In its response to the Competition and Markets Authority (CMA) review, Deloitte has called for an audit market share cap to address competition issues and a ban on firms selling non-audit services to audits clients
In Deloitte’s response to the CMA, written by global public policy partner David Barnes, the firm suggests three measures to improve the quality, competition and effectiveness of the audit market. These include a market share cap to address choice and competition issues, a stronger governance structure to address conflicts and a ban on non-audit services provided to FTSE 350 audit clients.
The firm has also called for the introduction of a US-style audit regulation system to increase responsibility for company bosses, stating ‘this will place appropriate accountability on companies’ boards and management to ensure the quality of their financial reporting’.
Deloitte, however, is not in support of an independent body to appoint auditors and strongly opposes splitting the Big Four into eight smaller firms. ‘This proposal would not substantively increase choice. Only four of the newly created UK firms could remain as part of an international network. The choice of firms with an international footprint would not change,’ Barnes writes.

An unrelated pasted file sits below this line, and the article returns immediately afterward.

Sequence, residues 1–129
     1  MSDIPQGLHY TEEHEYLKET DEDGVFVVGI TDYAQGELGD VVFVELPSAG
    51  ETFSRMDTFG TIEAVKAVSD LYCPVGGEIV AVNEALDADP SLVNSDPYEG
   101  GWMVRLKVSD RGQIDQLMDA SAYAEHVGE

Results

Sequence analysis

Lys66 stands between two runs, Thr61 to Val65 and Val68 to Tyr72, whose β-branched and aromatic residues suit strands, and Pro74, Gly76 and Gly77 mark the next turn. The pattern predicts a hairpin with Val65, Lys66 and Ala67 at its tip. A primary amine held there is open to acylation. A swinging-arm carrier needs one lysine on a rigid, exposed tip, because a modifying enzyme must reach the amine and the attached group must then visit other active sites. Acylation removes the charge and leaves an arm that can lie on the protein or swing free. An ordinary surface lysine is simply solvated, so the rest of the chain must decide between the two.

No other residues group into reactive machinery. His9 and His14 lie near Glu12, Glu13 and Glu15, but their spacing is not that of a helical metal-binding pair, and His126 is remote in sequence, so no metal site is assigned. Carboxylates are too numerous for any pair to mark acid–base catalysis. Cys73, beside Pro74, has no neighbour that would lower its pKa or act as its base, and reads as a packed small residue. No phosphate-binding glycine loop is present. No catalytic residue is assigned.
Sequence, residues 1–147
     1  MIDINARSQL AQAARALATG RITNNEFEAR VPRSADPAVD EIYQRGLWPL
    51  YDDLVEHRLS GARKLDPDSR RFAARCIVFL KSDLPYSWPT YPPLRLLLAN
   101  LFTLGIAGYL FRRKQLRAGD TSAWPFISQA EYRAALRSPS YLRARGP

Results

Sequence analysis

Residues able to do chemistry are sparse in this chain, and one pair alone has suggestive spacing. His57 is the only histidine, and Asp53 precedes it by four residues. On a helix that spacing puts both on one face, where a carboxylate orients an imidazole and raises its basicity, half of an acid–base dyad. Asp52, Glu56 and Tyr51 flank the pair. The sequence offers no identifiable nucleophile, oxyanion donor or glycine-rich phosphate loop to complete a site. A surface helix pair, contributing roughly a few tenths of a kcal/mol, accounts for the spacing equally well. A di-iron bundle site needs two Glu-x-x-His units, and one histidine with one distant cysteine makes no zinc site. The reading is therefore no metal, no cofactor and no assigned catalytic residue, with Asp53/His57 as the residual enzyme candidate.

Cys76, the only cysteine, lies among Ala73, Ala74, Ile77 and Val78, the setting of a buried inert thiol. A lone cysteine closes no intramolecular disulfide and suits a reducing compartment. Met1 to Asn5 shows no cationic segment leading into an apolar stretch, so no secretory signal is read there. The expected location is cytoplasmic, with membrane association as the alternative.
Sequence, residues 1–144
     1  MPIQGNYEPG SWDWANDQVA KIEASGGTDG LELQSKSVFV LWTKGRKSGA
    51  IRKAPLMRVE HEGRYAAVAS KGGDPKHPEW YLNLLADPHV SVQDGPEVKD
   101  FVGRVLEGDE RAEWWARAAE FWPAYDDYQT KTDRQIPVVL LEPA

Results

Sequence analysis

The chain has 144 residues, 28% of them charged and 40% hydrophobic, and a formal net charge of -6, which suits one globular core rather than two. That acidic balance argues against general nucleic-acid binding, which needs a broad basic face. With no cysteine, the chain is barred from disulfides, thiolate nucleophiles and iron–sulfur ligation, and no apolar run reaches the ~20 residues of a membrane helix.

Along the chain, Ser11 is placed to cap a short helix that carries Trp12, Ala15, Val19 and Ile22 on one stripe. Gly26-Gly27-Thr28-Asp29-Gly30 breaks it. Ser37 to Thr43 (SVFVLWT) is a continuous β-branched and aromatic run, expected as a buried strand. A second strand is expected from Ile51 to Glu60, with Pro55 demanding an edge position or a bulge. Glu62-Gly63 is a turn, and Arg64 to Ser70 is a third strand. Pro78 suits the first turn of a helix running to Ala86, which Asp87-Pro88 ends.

The firm states that the only durable solution to increase competition is the emergence of at least one other large firm as a major competition to the Big Four. However, based on Deloitte’s analysis, a firm outside of the Big Four would need to win 60% of all tenders in the next five years to reach the 20% FTSE 350 target 2023/24.
Due to this the firm believes that audit market caps are the only effective solution to moving beyond the Big Four to a Big Five in a shorter timescale.
Mid-tier firms have a skills and capability gap. To address this Deloitte suggests shared audits where the Big Four would partner with a smaller firm to audit a particular component but the Big Four firm would retain overall responsibility for signing off the audit. However, the firm does not support joint audits.
Deloitte also suggests staff secondments from mid-tier firms to the Big Four and training to smaller firms provided by the Big Four.
In its summary the firm states: ‘We acknowledge that to improve choice, mere incremental changes would not be effective. A remedy package with a market share cap (or caps) at its heart would over time bring about more choice. A set of supporting measures would help to ensure its effectiveness by allowing firms outside the current largest four firms to invest with confidence in their capabilities.
‘However, all of these measures needed to be considered in the context of changes required in the broader financial reporting ecosystem.
‘We look forward to further engagement with the CMA in support of its goal of bringing the right set of changes to the UK audit sector.’
Deloitte's total FTSE 350 non-audit fees for 2017/18 were £43m, this is 28% of total audit fees of £155m.
Report by Amy Austin